Burning the midnight oil trying to take in all of the side-events, plenaries, and informal meetings at events like Copenhagen—if indeed there are 'events like Copenhagen'—requires caffeine. Lots of caffeine. And caffeine is always better enjoyed with friends and colleagues. This morning's espresso-fueled breakfast debate centered on 'who really matters' at Copenhagen amongst 15,000 world leaders, negotiators, scientists, business chiefs, NGOs who have descended on Denmark for 2 cold weeks in December.
So, sitting here at the start of week 2 reflecting on this—actually during a session with the leadership from the International Panel on Climate Change, the global scientific body tasked with unraveling the science of climate change and providing a strong evidence-base for policy-making—here's my 'Top 10'. It's based on the need to shift through the gears of good science, good economics, good communication and, most importantly, from clear policy to real action from the public and private sector:
1. Professor Rajendra Pachauri, Chair of the International Panel on Climate Change. "The Persistent Scientist"
Why? Because the IPCC made up of more than 600 climate scientists appointed by global governments is on one level the most important voice here. The IPCC's 4th report has driven the aggressive targets currently being discussed. So the IPCC is important for the impact it has already had and the extent to which the best science we have must continue to drive policy, regulation and business action.
2. Lord Nicholas Stern, Author of the Stern Report. "The Empowering Economist"
Why? Because Lord Stern's report "The Economics of Climate Change" was the first widely acclaimed and debated economic analysis of the costs and benefits of tackling climate change for the global economy. Although it built on plenty of previous work, it gave the UK government and other politicians a basis from which o evaluate policy impact and investment in both environmental and GDP terms. It also showed that tackling climate change wouldn't, if you'll pardon the pun, 'cost the earth', probably as little as 1-2% of GDP to 2050, and that a failure to do so would likely result in a 5-20% brake on global growth. 3. Al Gore, climate activist. "The Mass Communicator" Why? Because love him or loathe him or his approach to 'simplifying' the science, economics and solutions to climate change; he has reached popular culture and citizens more effectively and in greater numbers than anyone in his generation. That matters.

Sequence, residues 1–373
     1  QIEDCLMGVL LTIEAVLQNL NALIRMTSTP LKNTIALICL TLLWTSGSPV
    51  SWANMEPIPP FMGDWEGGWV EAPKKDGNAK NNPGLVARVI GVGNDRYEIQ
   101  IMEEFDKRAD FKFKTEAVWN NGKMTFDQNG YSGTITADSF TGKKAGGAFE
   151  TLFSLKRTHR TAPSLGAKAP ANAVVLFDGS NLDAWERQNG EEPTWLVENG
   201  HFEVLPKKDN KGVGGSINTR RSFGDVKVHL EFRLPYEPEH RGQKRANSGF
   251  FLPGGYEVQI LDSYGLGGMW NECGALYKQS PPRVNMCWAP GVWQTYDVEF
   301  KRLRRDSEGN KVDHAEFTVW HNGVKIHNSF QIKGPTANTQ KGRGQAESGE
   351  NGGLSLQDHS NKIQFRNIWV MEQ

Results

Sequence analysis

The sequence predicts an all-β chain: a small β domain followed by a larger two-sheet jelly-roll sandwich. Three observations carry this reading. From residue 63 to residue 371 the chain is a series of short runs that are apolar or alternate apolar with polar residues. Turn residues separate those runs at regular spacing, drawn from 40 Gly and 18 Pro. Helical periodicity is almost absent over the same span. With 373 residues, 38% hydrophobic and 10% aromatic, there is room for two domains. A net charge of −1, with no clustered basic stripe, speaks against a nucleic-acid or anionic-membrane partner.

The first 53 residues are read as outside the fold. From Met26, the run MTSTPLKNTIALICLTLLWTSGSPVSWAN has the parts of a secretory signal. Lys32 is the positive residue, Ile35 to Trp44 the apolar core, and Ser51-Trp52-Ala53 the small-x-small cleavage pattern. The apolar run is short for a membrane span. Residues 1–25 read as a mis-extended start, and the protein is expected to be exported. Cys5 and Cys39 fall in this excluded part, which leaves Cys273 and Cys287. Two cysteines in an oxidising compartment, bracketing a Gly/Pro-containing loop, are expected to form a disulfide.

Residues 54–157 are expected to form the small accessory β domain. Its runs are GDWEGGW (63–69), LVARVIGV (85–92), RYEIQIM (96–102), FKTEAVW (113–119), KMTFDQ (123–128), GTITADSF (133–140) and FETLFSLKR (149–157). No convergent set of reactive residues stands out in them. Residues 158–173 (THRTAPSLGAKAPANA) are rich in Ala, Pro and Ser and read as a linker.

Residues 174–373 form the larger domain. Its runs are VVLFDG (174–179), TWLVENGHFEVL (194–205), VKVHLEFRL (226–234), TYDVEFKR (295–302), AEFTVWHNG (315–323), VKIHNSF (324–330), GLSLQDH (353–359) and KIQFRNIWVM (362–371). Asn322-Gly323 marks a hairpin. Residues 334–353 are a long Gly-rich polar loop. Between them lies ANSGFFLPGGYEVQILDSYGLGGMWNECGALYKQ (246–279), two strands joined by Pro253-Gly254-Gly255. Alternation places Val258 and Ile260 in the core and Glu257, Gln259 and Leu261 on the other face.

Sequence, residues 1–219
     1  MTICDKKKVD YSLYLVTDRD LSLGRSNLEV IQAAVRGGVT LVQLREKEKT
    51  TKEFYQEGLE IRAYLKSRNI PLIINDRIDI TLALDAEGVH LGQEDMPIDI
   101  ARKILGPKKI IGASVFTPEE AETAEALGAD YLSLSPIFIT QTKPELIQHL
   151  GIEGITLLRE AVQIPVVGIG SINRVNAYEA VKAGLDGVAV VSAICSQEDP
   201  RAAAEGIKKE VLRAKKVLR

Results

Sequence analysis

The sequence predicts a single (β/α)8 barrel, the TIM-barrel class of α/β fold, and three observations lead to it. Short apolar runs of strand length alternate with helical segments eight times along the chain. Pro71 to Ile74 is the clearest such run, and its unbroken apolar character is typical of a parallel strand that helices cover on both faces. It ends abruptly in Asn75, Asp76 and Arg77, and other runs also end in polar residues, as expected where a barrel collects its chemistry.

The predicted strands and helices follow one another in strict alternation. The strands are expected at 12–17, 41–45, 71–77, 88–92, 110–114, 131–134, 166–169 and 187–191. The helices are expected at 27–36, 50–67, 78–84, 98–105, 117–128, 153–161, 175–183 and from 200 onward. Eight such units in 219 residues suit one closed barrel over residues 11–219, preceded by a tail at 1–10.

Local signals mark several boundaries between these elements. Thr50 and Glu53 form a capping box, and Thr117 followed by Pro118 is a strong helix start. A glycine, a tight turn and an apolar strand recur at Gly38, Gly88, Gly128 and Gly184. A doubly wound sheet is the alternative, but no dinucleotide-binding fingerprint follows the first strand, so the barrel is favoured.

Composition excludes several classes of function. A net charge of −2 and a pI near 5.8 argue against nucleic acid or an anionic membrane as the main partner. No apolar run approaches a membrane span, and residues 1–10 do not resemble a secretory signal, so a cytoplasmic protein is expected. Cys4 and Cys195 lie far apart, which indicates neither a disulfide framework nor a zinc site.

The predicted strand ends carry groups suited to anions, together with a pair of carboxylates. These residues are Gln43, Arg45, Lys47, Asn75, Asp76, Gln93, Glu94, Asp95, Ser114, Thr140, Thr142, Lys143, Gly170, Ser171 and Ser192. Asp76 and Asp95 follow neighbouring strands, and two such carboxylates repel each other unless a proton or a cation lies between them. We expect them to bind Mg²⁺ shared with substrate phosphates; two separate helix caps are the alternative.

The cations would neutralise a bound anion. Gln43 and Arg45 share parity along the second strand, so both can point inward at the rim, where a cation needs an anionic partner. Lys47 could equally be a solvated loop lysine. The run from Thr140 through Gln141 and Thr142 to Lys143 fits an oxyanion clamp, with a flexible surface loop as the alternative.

4. Martin Kaiser, Greenpeace International's climate policy advisor. "The Unrelenting Activist"
Why? Because the NGO community continues to keep the pressure on and organizations like Greenpeace, for whatever motivation, refuse to accept anything that doesn't match up to the science. So even as draft texts here at Copenhagen circulated last night talking of as much as 45% developed country emissions reductions on 2020 levels and 95% by 2050—a staggering prospect—Martin commented in a PointCarbon article "It is imperative that they strengthen it [the draft UN text] considerably and fill in the gaps, so that it produces the legally binding deal that averts climate chaos."
5. Yvo de Boer, Executive Director of the UN Framework Convention on Climate Change. "The Climate Czar"